Managing Director, SKDKnickerbocker
Jennifer Cunningham, a managing director at the consulting firm SKDKnickerbocker, has the accolades to back up the oft-repeated observation that she is the most powerful woman in Albany. Attorney General Eric Schneiderman, her ex-husband, and Gov. Andrew Cuomo are among the legions of leading elected officials who prize her advice. And on policy issues Cunningham delivers for her clients, with victories that include the passage of same-sex marriage three years ago.
Chairman, Association for a Better New York; President, Rudin Management Company
Bill Rudin, the president of the real estate firm Rudin Management Company, is a major donor to Gov. Andrew Cuomo and key member of the Real Estate Board of New York, which has plenty of political clout in New York City and in Albany. Just as notably, he is chair of the Association for a Better New York, which provides a key venue for political and policy discussions.
President, New York State AFL-CIO
As president of the New York State AFL-CIO, Mario Cilento oversees a powerful coalition of unions representing some 2.5 million members across the state. Even before income inequality became the latest buzz word in state politics, Cilento successfully fought for a phased-in minimum wage increase, as well as a hike in unemployment and workers’ compensation benefits.
Partner, Wilson Elser Moskowitz Edelman & Dicker
Shapiro, a partner at Wilson Elser, founded its government relations practice, and he has seen the firm become the cream of the crop of lobbying firms in Albany. For a second consecutive year Shapiro’s firm topped JCOPE’s top lobbyist list, grossing more than $10 million in total compensation and reimbursed expenses, and outpacing the second-place finisher, Kasirer Consulting, by nearly $4 million.
President, New York State Public Employees Federation
As president of the Public Employees Federation, Susan Kent leads a huge contingent of state employees, which means she could be a big thorn in the side of the governor when it comes time to negotiate new labor contracts. Kent has already been outspoken in calling for Democrats to primary Andrew Cuomo and has signaled that the governor won’t get the backing of her union this year. With 55,000 members behind her, Kent’s comments cannot be ignored.
President, Building and Construction Trades Council of Greater New York
The president of the Building and Construction Trades Council of Greater New York represents the intersection of business, real estate and labor—three of the most potent forces in state politics. LaBarbera, who also is a vice president of both the New York City Central Labor Council and the New York State AFL-CIO, oversees a coalition representing some 100,000 workers.
President, Greater New York Hospital Association
The Greater New York Hospital Association has often gone to war with governors over funding, but Raske, the organization’s president, has made deals with the Cuomo administration and largely stayed off the governor’s back. With nearly 150 members, Raske leads the lobby for many of the New York metropolitan area’s hospitals. He also had a hand in the redesign of the state’s Medicaid system and the push for a waiver from the federal government earlier this year.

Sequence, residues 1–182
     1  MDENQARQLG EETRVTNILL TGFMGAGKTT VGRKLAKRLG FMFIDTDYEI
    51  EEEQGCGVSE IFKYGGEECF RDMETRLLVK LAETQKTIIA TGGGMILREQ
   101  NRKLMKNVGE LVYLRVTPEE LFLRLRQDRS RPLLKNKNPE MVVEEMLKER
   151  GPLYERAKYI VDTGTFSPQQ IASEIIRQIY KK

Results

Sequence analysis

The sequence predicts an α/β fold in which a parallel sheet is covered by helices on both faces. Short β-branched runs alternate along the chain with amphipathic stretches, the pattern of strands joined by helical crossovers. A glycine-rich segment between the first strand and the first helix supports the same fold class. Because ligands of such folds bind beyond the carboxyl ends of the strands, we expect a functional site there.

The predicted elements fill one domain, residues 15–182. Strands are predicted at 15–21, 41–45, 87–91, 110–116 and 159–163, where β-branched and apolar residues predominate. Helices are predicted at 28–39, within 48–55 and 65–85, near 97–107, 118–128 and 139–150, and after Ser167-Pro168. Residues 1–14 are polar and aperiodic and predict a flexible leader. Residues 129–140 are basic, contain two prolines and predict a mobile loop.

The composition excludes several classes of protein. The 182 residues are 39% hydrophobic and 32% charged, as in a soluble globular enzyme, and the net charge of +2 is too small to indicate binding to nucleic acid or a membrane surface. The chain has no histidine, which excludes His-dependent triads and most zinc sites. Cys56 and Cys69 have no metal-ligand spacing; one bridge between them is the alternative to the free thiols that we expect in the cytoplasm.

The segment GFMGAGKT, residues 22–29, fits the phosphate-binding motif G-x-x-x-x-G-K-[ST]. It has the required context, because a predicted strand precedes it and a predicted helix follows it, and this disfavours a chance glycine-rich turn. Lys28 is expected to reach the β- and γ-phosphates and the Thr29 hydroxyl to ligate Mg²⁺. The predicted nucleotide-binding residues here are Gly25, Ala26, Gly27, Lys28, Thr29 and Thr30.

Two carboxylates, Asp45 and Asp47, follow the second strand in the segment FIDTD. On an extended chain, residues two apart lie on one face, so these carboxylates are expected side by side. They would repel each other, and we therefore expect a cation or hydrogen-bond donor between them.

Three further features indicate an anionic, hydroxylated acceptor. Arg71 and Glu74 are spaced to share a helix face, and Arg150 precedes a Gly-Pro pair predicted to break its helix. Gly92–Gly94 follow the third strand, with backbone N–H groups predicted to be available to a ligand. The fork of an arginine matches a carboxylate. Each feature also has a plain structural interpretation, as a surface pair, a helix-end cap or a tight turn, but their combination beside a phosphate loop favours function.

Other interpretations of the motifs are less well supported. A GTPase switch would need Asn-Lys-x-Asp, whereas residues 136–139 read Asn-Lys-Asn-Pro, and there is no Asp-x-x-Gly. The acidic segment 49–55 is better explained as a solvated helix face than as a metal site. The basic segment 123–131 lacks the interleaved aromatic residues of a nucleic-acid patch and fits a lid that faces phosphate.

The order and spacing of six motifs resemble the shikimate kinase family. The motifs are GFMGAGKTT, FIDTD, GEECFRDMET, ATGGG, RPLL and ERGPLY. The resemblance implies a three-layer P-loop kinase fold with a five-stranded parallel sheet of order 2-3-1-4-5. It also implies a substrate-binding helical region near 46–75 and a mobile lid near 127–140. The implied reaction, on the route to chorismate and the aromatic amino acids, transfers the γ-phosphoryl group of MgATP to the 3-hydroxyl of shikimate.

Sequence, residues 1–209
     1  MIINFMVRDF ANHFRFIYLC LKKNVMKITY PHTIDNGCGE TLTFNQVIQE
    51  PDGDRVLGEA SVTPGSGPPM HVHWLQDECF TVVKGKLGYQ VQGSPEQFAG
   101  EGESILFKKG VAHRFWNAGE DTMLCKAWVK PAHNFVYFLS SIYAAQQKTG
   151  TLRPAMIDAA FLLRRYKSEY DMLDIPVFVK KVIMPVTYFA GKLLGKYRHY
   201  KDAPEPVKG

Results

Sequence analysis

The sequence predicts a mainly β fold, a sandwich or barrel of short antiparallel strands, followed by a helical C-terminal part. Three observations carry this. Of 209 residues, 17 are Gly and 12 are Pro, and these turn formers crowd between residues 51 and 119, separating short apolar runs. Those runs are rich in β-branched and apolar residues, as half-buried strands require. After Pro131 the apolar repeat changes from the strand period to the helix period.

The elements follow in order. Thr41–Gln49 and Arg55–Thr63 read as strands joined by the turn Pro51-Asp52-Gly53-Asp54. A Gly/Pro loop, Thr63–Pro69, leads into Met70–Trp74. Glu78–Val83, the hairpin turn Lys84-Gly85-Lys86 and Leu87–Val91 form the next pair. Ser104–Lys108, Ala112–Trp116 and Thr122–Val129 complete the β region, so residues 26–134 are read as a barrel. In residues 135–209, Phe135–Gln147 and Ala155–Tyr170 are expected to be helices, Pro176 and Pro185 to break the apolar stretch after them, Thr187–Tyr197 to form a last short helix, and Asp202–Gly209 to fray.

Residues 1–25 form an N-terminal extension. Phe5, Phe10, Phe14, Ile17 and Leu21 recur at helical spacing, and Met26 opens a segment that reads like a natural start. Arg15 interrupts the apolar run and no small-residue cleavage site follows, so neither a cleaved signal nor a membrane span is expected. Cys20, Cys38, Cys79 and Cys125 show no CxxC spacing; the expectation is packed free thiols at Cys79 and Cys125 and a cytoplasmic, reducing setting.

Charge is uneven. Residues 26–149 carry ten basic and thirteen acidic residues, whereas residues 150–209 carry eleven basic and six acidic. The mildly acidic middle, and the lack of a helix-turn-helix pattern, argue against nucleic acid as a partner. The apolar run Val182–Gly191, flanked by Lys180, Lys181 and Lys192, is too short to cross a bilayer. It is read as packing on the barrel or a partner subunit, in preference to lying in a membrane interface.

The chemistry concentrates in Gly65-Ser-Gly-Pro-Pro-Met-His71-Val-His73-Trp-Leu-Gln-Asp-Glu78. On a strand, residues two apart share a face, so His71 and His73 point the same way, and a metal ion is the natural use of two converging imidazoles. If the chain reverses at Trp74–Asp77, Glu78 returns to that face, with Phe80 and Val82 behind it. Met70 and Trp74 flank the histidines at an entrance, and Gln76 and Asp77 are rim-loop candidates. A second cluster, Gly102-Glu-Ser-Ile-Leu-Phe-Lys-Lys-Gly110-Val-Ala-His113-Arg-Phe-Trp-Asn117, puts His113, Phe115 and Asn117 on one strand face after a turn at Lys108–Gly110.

Billionaire venture capitalist and investment banker
Langone, the founder of Home Depot, is a major player in state elections. Despite being a Republican, Langone is close with Gov. Andrew Cuomo and has helped his reelection bid by helping recruit other Republicans to cross the aisle to endorse the incumbent. Langone’s recent comparison of modern-day populist critiques of the wealthy to Nazi-era Germany caused a stir, but the governor is unlikely to rebuff his support—or his campaign contributions.
President, New York State Civil Service Employees Association
Donohue runs one of the largest unions representing state workers and has been a vocal proponent of their interests in Albany. Like PEF, the other major state workers’ union, CSEA has threatened not to endorse Gov. Andrew Cuomo for reelection. While Donohue looks to be in a strong negotiating position, he may have undermined his cause when he called the governor a “moron” and a “monkey” earlier this year.
President, United Federation of Teachers
As president of the UFT, Mulgrew represents thousands of New York City teachers, but a transition at New York State United Teachers makes him the state’s leading advocate for educators. He can help set the tone for the rest of the state by not backing down on contract negotiations with Bill de Blasio and standing his ground on teacher evaluations and the Common Core. Incoming NYSUT President Karen Magee will likely get advice from Mulgrew, who backed her candidacy.
State Superintendent of Financial Services
Lawsky is New York’s top regulator of the banking industry, which generates billions of dollars of profits. The consolidated state Department of Financial Services, which Lawsky was appointed to lead, also gave the Cuomo administration more clout by cutting into the AG’s portfolio. Lawsky has been aggressive in his role, winning a key victory in 2012 with a $340 million settlement with the British bank Standard Chartered, while also putting pressure on insurance companies and payday lenders, and exploring ways to regulate virtual currency.
Founder and Chairman, The Related Companies
The Related Companies’ chief is one of the titans of New York City’s politically savvy real estate world. Although he stepped down as CEO of Related, Ross continues to be a major donor to Gov. Cuomo. The company’s huge Hudson Yards project in Manhattan will reshape an entire neighborhood and be yet another feather in Ross’ cap.
President, New York Hotel and Motel Trades Council